I'm lookin' fer a shortage 'a akerns this fall, from what I'm h'yearin' from my folks over in Miss'ippi. It taken'd awhile fer th' word t' git th'ough th' woods an' acrost th' big river, but we fin'ly run up on a mighty sorry lookin' ol' boar that floated acrost on 'a rotten log som'ers down b'low Natchez.

He said he'd lit out more'n a week before that, when he h'yeard all th' high wind comin' in an' th' trees 'a poppin' way back down aroun' Liberty Miss'ippi. He left in a high trot when he seen Jerry Clower's third cousin Elroy's trailer house sailin' th'ough a bare spot where they was 'a purty heavy pine saplin' thicket not too long 'fore sunup that day, 'a trailin' a TV satellite dish draggin' from a long antenner w'ar, unhinged plastic water pipes, 'n a clo'se line full 'a over'halls draggin' a row 'a li'l ol' pickets ripped plum' up out'a th' ground an' still nailed on t' th' side 'a that trailer. (If you hap'n t' know a Elroy Clower, this wad'n him. It's th' other'n.)

I taken'd a right good squint at that ol' boar b'fore I rekanized 'im. But when I seen th' twist 'a th' right tush that's jis' like my maw's, I knowed it was ol' Rufus Rooter, kin t' me on my maw's side, that had stayed in Miss'ippi when th' rest 'a th' folks moved on west t' Lou'ziana. He was all wild-eyed lookin', his ears was draggin', an' most 'a th' hair was scrubbed off 'a his hams. He said he'd been 'a runnin' th'ough all kind 'a rough country gettin' away from all that wind, climbin' over busted up trees, an' watchin' fer a bite t' eat when he could. They wadn' much 'til he got over around Frogmore and run up on some purty fine corn in th' field, and et hisself a bait an' rested awhile. Then he come on over t'wards th' hills lookin' fer some 'a th' fam'ly t'hole up with 'til he feels like hoofin' it back t' Miss'ippi and see what kinda shape his waller is in after all that rain. He said they was a harrikin named Katrina that done all that blowin' an' rainin' but I didn' really know what he meant b' that. I've seen lots 'a wind a'blowin' but I ain't never seen none that'd blow away a pine saplin thicket an' rip up a trailer house and blow it th'ough th' woods.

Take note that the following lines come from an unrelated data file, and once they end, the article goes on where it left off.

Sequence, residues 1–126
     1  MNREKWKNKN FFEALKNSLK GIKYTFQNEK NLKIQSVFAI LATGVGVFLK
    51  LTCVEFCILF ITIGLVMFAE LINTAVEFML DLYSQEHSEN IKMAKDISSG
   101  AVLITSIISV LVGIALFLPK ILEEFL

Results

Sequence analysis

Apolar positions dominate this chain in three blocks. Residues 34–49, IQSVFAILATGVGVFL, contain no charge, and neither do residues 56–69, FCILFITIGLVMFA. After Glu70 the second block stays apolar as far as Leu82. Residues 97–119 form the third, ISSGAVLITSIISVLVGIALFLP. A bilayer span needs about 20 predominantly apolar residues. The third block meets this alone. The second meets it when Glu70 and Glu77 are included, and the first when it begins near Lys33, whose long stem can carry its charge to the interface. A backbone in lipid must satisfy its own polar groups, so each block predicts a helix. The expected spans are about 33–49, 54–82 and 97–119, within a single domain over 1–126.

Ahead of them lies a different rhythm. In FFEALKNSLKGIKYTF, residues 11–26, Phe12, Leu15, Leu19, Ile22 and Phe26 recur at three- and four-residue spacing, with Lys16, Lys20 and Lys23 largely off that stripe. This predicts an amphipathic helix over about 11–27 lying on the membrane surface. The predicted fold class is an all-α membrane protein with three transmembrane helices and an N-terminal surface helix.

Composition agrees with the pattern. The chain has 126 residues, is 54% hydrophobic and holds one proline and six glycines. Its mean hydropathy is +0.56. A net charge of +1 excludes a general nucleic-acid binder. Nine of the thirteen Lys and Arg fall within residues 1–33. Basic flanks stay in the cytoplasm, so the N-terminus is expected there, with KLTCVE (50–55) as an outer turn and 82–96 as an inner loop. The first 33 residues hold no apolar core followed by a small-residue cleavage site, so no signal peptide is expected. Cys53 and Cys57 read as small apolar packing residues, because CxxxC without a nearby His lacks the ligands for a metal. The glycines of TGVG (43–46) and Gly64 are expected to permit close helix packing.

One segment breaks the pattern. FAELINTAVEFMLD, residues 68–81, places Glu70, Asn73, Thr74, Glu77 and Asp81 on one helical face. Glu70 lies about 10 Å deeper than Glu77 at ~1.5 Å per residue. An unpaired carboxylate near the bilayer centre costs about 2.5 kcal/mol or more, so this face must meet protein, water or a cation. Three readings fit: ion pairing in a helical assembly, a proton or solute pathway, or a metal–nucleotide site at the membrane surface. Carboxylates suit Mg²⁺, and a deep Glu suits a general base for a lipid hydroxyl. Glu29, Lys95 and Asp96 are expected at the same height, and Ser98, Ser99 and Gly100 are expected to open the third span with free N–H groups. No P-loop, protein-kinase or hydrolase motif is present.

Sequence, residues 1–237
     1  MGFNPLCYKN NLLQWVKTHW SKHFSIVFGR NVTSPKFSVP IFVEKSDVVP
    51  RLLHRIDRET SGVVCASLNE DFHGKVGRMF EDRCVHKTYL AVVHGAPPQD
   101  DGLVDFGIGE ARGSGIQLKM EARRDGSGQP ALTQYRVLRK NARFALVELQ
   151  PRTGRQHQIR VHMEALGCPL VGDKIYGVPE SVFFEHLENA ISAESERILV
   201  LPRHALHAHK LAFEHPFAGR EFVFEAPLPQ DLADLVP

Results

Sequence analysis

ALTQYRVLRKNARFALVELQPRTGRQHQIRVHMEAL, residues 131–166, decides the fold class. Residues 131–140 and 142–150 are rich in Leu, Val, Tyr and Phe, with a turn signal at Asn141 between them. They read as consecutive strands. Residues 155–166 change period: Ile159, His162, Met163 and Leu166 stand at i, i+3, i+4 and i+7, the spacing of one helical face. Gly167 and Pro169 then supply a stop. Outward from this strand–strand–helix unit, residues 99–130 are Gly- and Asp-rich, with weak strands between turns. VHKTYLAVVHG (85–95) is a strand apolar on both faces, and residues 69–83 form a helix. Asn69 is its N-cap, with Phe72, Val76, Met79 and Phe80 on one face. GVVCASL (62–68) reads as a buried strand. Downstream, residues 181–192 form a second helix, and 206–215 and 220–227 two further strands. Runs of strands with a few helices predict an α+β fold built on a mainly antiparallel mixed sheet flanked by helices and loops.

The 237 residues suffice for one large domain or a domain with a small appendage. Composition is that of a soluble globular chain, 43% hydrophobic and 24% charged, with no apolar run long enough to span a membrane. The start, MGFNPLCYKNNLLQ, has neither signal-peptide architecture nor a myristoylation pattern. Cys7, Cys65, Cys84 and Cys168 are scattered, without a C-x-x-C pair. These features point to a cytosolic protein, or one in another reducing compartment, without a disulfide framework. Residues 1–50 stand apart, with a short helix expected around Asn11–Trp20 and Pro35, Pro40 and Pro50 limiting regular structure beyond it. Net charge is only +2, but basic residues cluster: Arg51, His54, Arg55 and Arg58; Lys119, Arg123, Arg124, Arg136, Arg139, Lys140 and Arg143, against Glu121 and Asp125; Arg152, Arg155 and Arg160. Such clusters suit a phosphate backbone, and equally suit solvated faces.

I felt kinda bad about ol' Jerry Clower's cousin's trailer blowin' away, but ol' Rufus said ol' Elroy weren't in th' trailer when it left. Jis' 'fore daylight, Rufus seen Elroy workin' fast t' git all th' beer outta th' trailer an' into a couple 'a big ol' plastic boxes full 'a ice, and lash it down in his ol' pickup truck. Elroy grabbed up his ol' hound an' th'owed 'im on th' back 'a that pickup, strapped 'is shotgun in th' cab, an' hollerd t' his wife t' come on purty quick 'er he's li'ble t' run off an' leave 'er. She come out with a load 'a stuff in a big pas'board box. Elroy hollered, "Leave that durn box! They ain't no more room on th' truck! I done got th' beer an' th' dawg, so come on an' git in right now!"

Well, she drug that box up in th' cab and barely slammed th' door, with that stuff crammed up in 'er lap. Elroy showered down, an' that pickup left out a' blowin' blue smoke an' diggin' dust, with Elroy hollerin' "What in thunder you got in that box anyhow? Cain't be nothin' important? Why we takin' that junk . . . " goin' outta sight.

I rek'n whatever it was in th' box'll be what them folks sets up with next' time, 'cause that trailer prob'ly ain't hit th' ground this side 'a Tupelo.